BIKERIDERLONDON / SHUTTERSTOCK.COM
How to simultaneously promote one’s image and protect one’s personal rights, especially in a social media world, is a challenge for today’s celebrities. WIPR investigates the world of image rights and the blurry line between endorsement and exploitation.
To what extent can a celebrity’s image be protected? This question was raised during actress Katherine Heigl’s $6 million complaint against pharmacy Duane Reade. In the case, filed at the US District Court for the Southern District of New York in May 2014, Heigl said that a tweet by the company suggested she had endorsed it.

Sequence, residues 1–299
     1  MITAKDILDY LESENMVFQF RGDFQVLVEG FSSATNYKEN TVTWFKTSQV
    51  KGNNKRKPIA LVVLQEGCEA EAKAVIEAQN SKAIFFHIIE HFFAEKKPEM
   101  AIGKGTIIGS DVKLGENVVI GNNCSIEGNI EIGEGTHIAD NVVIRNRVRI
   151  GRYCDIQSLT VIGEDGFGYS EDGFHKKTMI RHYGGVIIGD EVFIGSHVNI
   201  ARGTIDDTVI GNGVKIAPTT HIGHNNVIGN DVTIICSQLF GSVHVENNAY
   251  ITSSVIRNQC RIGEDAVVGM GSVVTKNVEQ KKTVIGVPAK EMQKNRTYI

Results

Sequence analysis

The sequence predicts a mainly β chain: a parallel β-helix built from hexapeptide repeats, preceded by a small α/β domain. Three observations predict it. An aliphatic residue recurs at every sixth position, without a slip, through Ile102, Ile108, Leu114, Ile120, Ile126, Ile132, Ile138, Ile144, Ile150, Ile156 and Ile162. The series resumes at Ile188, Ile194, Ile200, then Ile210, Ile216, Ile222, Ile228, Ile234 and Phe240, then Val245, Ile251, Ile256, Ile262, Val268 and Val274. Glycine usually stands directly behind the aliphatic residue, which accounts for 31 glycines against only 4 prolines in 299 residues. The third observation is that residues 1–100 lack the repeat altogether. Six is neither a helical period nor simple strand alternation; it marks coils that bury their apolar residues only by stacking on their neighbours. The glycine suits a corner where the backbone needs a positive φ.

She later withdrew the lawsuit but her claim demonstrated just how much value a celebrity can place on his or her image. For the likes of Heigl and other famous actors and musicians, a large amount of their income is derived from sponsoring and endorsing big brands.
“There is no way that $6 million would have been a reasonable licence fee for a tweet,” says David Bernstein, partner at law firm Debevoise & Plimpton. “We’re not talking about a national advertising campaign or full pages in magazines; we’re talking about something extremely ephemeral, which would disappear soon after it is tweeted.”
Image rights; Katherine Heigl; Guernsey Intellectual Property Office Image Rights register